It’s not often that we hear about ghost stories with infants as the protagonists, I’ve heard a couple (the disembodied crying baby or weirdness with baby monitors), but usually, if it’s a halfling ghost, it’ll be a child. But that wasn’t the case in Needham, Massachusetts in 1839– Just past […]
Did they really feed sick babies sunless tanner in the 1950’s?
Today we’re looking at baby carriers in William Hogarth’s The March of the Guards to Finchley from 1750. The March of the Guards to Finchley, depicts a fictional troop of buffoonish British troops in Tottenham Court Road, in London, on their way to fight the Jacobean forces in the uprising […]
Learn more about the first book in English on pregnancy, birth, and newborn care: The Byrth of Mankynde, 1540.
In 1913, breastfeeding was highly recommended by medical professionals due to the high infant mortality associated with cow milk substitutes. But how were new mothers educated about breastfeeding? The recommendations might surprise you. Boracic acid, anyone?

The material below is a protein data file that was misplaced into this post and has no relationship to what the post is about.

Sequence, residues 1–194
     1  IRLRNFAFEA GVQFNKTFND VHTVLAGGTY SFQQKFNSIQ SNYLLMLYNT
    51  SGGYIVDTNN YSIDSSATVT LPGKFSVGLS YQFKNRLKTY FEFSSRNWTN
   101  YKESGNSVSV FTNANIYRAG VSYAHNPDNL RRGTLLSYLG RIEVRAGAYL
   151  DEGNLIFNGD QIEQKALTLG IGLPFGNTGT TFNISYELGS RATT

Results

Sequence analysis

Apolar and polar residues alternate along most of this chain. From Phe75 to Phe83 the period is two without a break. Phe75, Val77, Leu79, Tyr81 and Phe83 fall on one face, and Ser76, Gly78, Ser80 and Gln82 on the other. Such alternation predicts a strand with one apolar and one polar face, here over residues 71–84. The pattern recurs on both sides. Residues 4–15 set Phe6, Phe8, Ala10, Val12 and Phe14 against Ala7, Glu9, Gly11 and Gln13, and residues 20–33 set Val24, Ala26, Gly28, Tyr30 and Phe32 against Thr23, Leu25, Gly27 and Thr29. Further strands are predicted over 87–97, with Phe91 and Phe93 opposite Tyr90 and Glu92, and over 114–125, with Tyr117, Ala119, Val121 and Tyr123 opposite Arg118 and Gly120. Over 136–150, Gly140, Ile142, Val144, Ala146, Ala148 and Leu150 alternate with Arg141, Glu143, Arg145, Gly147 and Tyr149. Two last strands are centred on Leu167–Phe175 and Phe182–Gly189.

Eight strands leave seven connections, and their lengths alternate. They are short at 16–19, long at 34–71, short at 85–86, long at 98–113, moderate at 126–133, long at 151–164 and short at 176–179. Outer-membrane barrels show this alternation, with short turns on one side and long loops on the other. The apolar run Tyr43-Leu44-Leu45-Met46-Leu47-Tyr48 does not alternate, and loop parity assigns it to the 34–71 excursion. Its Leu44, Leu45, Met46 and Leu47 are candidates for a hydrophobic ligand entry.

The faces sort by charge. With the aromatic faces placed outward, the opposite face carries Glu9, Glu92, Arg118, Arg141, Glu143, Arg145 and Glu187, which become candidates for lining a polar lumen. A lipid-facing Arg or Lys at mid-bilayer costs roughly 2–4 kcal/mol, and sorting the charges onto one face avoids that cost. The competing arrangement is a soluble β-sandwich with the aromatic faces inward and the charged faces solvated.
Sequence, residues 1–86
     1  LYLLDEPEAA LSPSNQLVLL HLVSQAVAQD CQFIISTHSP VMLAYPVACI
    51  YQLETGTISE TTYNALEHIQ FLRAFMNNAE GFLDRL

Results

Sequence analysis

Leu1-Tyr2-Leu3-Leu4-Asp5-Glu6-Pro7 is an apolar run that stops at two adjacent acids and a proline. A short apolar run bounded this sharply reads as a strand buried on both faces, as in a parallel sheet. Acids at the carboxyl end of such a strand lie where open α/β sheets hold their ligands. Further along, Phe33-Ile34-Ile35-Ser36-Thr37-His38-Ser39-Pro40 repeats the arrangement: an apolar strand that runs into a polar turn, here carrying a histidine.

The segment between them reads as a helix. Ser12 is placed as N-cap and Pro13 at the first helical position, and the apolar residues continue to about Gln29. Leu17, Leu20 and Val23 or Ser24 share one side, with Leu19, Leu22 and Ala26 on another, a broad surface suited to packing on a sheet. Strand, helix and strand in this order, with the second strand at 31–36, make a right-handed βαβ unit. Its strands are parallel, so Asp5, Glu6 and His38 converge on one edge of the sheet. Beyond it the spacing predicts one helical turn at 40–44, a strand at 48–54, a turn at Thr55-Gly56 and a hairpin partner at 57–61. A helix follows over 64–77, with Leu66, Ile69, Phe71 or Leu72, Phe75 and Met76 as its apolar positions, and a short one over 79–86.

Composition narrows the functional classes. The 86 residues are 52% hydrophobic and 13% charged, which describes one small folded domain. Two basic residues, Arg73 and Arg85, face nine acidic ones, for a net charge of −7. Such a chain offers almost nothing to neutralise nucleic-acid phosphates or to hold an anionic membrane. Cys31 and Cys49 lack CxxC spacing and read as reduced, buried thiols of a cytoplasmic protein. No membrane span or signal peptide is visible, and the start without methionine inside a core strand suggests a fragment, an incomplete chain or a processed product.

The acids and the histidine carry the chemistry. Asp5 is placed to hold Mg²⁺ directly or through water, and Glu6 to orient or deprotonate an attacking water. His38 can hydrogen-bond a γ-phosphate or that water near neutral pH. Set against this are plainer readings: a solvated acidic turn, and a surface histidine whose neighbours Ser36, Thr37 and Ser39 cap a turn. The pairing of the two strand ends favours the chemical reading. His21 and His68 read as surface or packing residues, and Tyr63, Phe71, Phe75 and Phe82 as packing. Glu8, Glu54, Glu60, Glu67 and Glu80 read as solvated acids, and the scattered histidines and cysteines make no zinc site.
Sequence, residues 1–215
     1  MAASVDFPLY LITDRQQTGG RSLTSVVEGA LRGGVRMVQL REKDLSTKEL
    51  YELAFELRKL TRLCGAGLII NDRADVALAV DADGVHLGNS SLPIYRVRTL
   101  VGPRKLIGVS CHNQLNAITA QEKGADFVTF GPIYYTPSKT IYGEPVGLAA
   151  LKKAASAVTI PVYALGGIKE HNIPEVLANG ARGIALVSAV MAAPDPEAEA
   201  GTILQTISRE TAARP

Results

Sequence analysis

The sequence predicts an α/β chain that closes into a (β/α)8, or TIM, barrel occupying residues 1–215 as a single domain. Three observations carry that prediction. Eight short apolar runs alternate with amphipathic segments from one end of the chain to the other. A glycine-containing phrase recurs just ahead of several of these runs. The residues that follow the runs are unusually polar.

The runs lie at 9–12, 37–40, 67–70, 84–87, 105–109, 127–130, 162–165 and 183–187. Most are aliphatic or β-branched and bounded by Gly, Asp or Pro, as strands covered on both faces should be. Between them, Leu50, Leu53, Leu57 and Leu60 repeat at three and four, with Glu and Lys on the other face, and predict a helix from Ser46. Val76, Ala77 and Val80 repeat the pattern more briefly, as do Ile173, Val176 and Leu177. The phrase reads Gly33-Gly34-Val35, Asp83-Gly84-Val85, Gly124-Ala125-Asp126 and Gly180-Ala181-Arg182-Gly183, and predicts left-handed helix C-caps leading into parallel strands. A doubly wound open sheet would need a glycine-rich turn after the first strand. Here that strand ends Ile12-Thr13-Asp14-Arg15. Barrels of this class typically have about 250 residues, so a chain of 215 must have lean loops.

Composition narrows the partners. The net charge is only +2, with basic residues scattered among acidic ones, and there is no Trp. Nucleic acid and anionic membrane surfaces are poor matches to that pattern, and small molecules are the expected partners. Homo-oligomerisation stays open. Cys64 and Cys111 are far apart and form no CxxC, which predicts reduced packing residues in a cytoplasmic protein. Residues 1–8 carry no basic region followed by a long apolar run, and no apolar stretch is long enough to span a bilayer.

Learn how the Aymara tradition of carrying their babies is reflected in their concept of time and language– and how infant carriers built empires.
Can an infant carrier stop your baby’s cry hole? Science says… probably not. But it might make you feel better.
Human feet are unique in the ape family, made for walking instead of grasping. For our babies this means two fewer grasping limbs to help cling to their mother, which means that during the evolution of bipedalism, infants had a harder time hanging on. How did our ancestors survive?
This work is part of my project, The Evolution of Babywearing, which explores the evolutionary origins of the infant carrier and how it has shaped humanity as we know it. Many moons ago at a family gathering, a relative was complaining about her baby’s fussing, “He won’t let me put […]